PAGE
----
Boyfriend gets caught cheating through Pokémon Go

‘She saw that I had caught a Pokémon while at my ex’s house’

Loulla-Mae Eleftheriou-Smith
Wednesday 13 July 2016 08:46
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Nintendo shares surged 12.8 per cent to 22,860 yen in Tokyo, on the news that the Pokémon Go app was expected to be released in Japan within the week
Nintendo shares surged 12.8 per cent to 22,860 yen in Tokyo, on the news that the Pokémon Go app was expected to be released in Japan within the week

People’s addiction to Pokémon Go knows no bounds, from the man playing during his wife’s labour to the people unable to stop catching the little creatures even when in a Holocaust museum. But one man’s addiction to the game has resulted in the end of his relationship – because he was caught cheating.

For the uninitiated, Pokémon Go is an augmented reality smartphone game that allows users to catch the characters in the real-world. Due to the game’s GPS tracking it is possible to see the characters in your immediate real-world surroundings and record the places where they are caught.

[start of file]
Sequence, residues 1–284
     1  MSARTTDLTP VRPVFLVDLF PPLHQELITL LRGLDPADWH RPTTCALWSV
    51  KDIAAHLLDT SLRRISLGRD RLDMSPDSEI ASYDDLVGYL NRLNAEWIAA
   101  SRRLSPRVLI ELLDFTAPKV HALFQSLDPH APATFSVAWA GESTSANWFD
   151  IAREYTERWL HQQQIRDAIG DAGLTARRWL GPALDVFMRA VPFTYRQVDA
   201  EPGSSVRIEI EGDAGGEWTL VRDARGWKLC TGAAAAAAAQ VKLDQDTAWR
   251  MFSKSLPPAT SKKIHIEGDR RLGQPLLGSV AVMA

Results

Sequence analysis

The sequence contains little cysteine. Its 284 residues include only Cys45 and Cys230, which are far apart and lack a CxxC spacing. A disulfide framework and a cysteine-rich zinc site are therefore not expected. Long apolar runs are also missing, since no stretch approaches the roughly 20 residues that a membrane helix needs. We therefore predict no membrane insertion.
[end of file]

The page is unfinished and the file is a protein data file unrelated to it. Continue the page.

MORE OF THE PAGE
Evan Scribner, from Queens in New York, didn’t take the game’s advanced GPS tagging capabilities into account when he decided to open Pokémon Go and start playing it while at his ex-girlfriend’s house in Bushwick, Brooklyn.

This video of Pokémon Go players in Central Park is a glimpse of our dystopian future

“She saw that I had caught a Pokémon while at my ex’s house,” he told the New York Post.

When Mr Scribner’s girlfriend asked why he had been in his ex’s neighbourhood, he was unable to come up with a good excuse, he told the newspaper.

“She found out last night at my house and hasn’t contacted me since then,” he added.

The game has been available in the US, Australia and New Zealand for less than two weeks but has already been downloaded to Android phones more times than dating app Tinder, and more than 60 per cent of these users in the US are playing daily, according to app analytics company Similar Web.

Shares in Nintendo, which part owns the game, soared by 25 per cent on Monday and another 13 per cent on Tuesday, adding around £6 billion to its market value.

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